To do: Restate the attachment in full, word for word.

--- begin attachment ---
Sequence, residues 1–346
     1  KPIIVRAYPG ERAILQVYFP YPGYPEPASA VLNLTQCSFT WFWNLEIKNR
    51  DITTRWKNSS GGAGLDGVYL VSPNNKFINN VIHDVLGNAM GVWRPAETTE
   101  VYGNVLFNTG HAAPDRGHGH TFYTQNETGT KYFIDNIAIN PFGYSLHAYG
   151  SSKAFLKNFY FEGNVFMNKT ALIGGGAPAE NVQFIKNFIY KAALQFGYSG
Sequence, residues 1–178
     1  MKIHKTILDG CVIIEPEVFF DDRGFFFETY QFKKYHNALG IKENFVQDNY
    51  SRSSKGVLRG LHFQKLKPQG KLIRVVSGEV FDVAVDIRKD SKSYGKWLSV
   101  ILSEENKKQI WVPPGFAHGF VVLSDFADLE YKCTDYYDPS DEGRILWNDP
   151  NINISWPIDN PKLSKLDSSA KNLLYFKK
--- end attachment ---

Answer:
Sequence, residues 1–346
     1  KPIIVRAYPG ERAILQVYFP YPGYPEPASA VLNLTQCSFT WFWNLEIKNR
    51  DITTRWKNSS GGAGLDGVYL VSPNNKFINN VIHDVLGNAM GVWRPAETTE
   101  VYGNVLFNTG HAAPDRGHGH TFYTQNETGT KYFIDNIAIN PFGYSLHAYG
   151  SSKAFLKNFY FEGNVFMNKT ALIGGGAPAE NVQFIKNFIY KAALQFGYSG
Sequence, residues 1–178
     1  MKIHKTILDG CVIIEPEVFF DDRGFFFETY QFKKYHNALG IKENFVQDNY
    51  SRSSKGVLRG LHFQKLKPQG KLIRVVSGEV FDVAVDIRKD SKSYGKWLSV
   101  ILSEENKKQI WVPPGFAHGF VVLSDFADLE YKCTDYYDPS DEGRILWNDP
   151  NINISWPIDN PKLSKLDSSA KNLLYFKK